In Baghdad's protests, all bridges lead to 'revolution'

Baghdad (AFP) –


The bridges over Baghdad's Tigris river, named to honour "free men" and "martyrs," have turned into frontlines between Iraq's protesters demanding regime change and security forces protecting key government buildings.

As the weeks-long demonstrations drag on, activists have trickled from their main encampment in Tahrir (Liberation) Square to take position along four consecutive bridges.

They have set up barricades to face off against security forces and rerouted traffic in commercial areas.

"We want to block everything. No one goes to work anymore," said Imad Hassan, 45, a protester.

"This is how people who are not protesting can help us bring down the government that is oppressing us," he said, wearing a sign hung around his neck bearing one of the protest movement's main slogans: "I want my country."

Beyond their symbolic names, the bridges have high strategic value: they lead to the district of the capital that hosts the parliament, cabinet headquarters, central bank and foreign embassies.

If they can reach this centre of state power, the protesters say, they can expand their sit-in campaign and ramp up pressure on the government to step down.

They first began occupying a bridge called "Al-Jumhuriyah" or "The Republic," which leads into the heart of the so-called Green Zone, the high-security enclave where the US and UK missions are based.

- 'We're going to resist' -

Security forces have set up three barricades along the bridge to protect the sensitive area, which has been breached by demonstrators in previous years.

To keep the protesters back, they have launched volleys of tear gas and rubber bullets -- but also live rounds and even machine-gun fire.

The gas grenades have become some of the most feared weapons, with security forces said to have shot them at point-blank range, piercing protesters' skulls or lungs.

Hoping to protect themselves, demonstrators have donned construction helmets and built shelters out of metal plates and rusty barrels.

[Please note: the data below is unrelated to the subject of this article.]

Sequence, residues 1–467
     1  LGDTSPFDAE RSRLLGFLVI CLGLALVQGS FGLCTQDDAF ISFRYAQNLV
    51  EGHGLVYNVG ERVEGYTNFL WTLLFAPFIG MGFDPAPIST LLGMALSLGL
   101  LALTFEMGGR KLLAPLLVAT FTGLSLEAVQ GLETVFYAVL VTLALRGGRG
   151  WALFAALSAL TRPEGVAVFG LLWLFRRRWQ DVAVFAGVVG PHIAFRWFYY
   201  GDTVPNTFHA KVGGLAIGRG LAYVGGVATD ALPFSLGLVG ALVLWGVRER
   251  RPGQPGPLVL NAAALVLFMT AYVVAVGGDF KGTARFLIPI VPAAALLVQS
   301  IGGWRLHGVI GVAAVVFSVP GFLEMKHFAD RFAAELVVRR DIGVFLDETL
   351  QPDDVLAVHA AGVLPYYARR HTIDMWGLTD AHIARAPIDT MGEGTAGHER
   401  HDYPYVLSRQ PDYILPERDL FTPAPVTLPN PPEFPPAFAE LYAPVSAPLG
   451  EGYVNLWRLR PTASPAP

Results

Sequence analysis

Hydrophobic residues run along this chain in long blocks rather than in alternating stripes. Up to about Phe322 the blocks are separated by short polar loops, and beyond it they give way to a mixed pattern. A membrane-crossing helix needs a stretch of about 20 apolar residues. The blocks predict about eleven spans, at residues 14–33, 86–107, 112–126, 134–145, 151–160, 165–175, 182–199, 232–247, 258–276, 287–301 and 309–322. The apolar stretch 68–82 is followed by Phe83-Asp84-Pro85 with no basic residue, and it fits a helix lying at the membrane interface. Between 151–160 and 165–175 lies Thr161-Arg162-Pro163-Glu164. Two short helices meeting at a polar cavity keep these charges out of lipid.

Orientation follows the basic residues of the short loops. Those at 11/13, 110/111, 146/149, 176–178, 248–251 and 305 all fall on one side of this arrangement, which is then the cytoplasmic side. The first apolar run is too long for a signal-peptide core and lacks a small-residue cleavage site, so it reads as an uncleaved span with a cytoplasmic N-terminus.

Some wear thick gardening gloves so they can grab the searing-hot canisters and throw them back at police.

Others use green and red laser pointers to disrupt the security forces' vision.

Volunteer medics are even on-hand at the bridges to treat light wounds and rush any more serious injuries to field hospitals set up in nearby buildings.

From Al-Jumhuriyah, protesters have moved on to three more bridges, starting with Al-Sinek, which leads to the embassy of Iran, the neighbouring country accused by protesters of propping up Iraq's regime.

Then, they closed off Al-Ahrar and Al-Shuhada.

The clashes usually begin in the late afternoon, and the steady pops of tear gas canisters and stun grenades quieting just before dawn.

"We're going to stay here, we're going to resist, to protect the area and the revolution," said Abbas, 24, on Al-Ahrar (The Free Men) bridge.

He was decked out in a cargo vest he purchased from a military surplus store that he used to carry a bottle of Coca-Cola to relieve irritation from tear gas.

"Otherwise, they'll attack the protesters in Tahrir with water cannons, tear gas, live rounds and machine guns which are killing people every day," Abbas said.

- Below the bridge -

The battles of the bridges have also seen the return of the much-maligned concrete blast walls that had lined Baghdad's streets during years of sectarian violence.

Prime Minister Adel Abdel Mahdi had championed their removal to show the capital was safe after the defeat of the Islamic State jihadist group, but the so-called t-walls are now back.

And if there's a battle over each bridge, there's an entire war happening underneath it.

The police's river units have fired stun grenades at protesters along the bank, the sounds of the explosion multiplied by the metal structures above.

Echoing through surrounding neighbourhoods, the blasts have brought back bitter memories of daily attacks in the capital's residential districts in recent years.

The demonstrations have been deadly, with 157 people killed in the first six-day wave of protests in early October, according to a government probe.

More than 120 people have died since they resumed on October 24, many of them losing their lives on the bridges.

On Thursday alone, three people were killed when security forces opened fire at protesters on the eastern bank of the Tigris, security and medical sources said.

They died between bridges named after "the free men" and "the martyrs".